The government, aiming to send a message to the financial industry, asked Judge Brinkema to impose up to the maximum 385-year sentence on Mr. Farkas. As an alternative, the government recommended a penalty of at least 50 years to ensure that he will “spend the remainder of his life in prison.”

Richard L. Scheff, a former federal prosecutor who is now a criminal defense lawyer and chairman of Montgomery, McCracken, Walker & Rhoads, called the government’s request “completely over the top.”

“Under any stretch of the imagination, 30 years is very significant; it’s tantamount to a life sentence,” he said.

Mr. Farkas, who also was ordered to turn over roughly $38.5 million in gains, had asked for a 15-year sentence. His lawyers argued that his actions were intended to keep Taylor Bean and Colonial Bank in business.

His sentence, while steep, falls short of the 150 years given to Bernard L. Madoff for running a huge Ponzi scheme.

Mr. Farkas’s fellow Taylor Bean executives fared far better. The firm’s former chief executive and treasurer, among others, pleaded guilty and cooperated in the case against Mr. Farkas. The executives received sentences ranging from three months to eight years.

In recent letters to the court, friends and supporters of Mr. Farkas painted him as a kind-hearted humanitarian, someone who always “displayed integrity.” Mr. Farkas once paid a stranger’s medical bills, often donated to the local Salvation Army’s Christmas fund-raiser and even offered his private jet to take a mother and her baby to New York for cancer treatment, they said.

Mr. Farkas took the stand during the trial to defend this reputation and deny any wrongdoing.

But a federal jury in Virginia was unmoved. In April, after a 10-day trial and little more than a day of deliberations, the jurors found Mr. Farkas guilty on 14 counts of securities, bank and wire fraud and conspiracy to commit fraud.

Mr. Farkas’s $2.9 billion scheme began in 2002, prosecutors say, when Taylor Bean was facing mounting losses. To hide the losses, Taylor Bean executives secretly overdrew the firm’s accounts with Colonial Bank. The lender, aiming to cover up the overdrafts, sold Colonial about $1.5 billion in “worthless” and “fake” mortgages. The government, in turn, guaranteed the bogus loans.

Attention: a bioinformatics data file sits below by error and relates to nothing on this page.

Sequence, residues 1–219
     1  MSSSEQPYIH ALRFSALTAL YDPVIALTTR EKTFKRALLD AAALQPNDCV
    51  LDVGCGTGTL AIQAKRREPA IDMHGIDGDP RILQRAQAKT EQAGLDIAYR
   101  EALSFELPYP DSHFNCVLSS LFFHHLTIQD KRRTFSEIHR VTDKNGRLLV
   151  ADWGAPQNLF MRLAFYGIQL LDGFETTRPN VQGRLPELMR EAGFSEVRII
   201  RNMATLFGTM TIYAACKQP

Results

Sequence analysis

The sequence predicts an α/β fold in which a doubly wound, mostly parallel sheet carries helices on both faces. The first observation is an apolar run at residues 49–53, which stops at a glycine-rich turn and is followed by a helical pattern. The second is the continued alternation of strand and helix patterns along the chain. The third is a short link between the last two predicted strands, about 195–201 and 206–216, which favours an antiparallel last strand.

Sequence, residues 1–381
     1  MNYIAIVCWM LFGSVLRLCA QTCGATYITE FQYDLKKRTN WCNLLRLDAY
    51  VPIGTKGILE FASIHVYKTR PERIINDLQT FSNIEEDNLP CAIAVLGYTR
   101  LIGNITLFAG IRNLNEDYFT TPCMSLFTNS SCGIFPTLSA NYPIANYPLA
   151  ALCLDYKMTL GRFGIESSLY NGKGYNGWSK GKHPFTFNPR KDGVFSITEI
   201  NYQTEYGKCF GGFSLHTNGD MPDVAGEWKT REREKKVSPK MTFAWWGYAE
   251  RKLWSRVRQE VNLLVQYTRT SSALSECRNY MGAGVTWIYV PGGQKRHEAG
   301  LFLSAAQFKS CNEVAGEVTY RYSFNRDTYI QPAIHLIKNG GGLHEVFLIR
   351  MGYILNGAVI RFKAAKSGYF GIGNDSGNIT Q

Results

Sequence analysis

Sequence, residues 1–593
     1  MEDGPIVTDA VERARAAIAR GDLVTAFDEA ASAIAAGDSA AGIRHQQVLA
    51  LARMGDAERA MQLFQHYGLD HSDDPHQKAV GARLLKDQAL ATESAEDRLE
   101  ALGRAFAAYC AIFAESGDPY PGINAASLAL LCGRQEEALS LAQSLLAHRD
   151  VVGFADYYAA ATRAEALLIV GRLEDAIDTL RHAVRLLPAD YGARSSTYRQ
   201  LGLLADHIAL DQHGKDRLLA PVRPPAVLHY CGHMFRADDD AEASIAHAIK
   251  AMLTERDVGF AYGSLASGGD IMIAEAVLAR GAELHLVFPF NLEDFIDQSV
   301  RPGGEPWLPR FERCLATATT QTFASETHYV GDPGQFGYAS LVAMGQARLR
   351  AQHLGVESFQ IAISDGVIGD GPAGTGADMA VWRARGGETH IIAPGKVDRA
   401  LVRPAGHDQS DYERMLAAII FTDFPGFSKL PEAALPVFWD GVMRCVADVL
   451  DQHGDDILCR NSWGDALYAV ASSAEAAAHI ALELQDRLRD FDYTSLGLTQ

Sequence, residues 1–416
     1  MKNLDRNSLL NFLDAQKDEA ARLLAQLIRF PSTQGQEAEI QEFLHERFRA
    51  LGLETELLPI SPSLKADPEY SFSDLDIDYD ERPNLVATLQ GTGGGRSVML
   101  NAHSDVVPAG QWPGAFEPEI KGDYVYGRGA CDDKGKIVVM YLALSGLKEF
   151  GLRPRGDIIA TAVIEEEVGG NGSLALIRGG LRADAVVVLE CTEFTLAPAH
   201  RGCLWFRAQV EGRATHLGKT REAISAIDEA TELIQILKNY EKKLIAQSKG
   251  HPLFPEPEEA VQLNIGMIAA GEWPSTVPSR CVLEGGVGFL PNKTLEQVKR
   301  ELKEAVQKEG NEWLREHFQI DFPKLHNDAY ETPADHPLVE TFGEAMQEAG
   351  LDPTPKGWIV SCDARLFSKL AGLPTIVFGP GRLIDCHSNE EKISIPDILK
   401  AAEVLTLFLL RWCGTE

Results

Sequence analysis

When Colonial started to struggle, Mr. Farkas helped convince the bank to apply for more than $550 million in taxpayer bailout funds. The Treasury Department initially approved the rescue loan, but ultimately withdrew the offer.

Colonial filed for bankruptcy in August 2009, making it the sixth-largest bank failure in history.

Mr. Farkas, meanwhile, diverted more than $40 million from Taylor Bean and Colonial to “finance his lifestyle,” prosecutors said. He used the money, according to the government, to buy a private jet, vacation homes and a collection of vintage cars.

“He did this to live like a king, and now justice has come to bear,” Mr. Breuer said.

30 Responses

  1. He was selling the same Notes multiple times in different MBS to different investors. Classic Ponzi. He was not alone in this but he got caught.

  2. The Allonge- Billions of Dollars in Commerce Hangs on A Single Scrap of Paper
    July 2nd, 2011 · Foreclosure http://www.mattweidnerlaw.com/blog
    Forget about The Constitution, forget about The Bill of Rights, a far more important document exists in this country and it’s called….The Allonge!
    Those other old and forgotten documents are just, well, old and forgotten. Relics. Memories. Pesky annoyances that get in the way of the real thing of today and that is…The Efficient Flow of Commerce. The allonge is actually an old, old thing…older in fact than those other two old things that we should all stop talking so much about. The allonge sat around in an abandoned neighborhood at the intersection of law and commerce, forgotten and unused, never spoken of by judges and scarcely mentioned in any statute or the Uniform Commercial Code anywhere in the country until some brilliant mind in the Department of Commerce, Division of Securitization decided to drive through the rough section of town, past the whinos and blown out buildings and pick up that cast off old man called Allonge and take him for a ride.

    And one hell of a ride it’s been.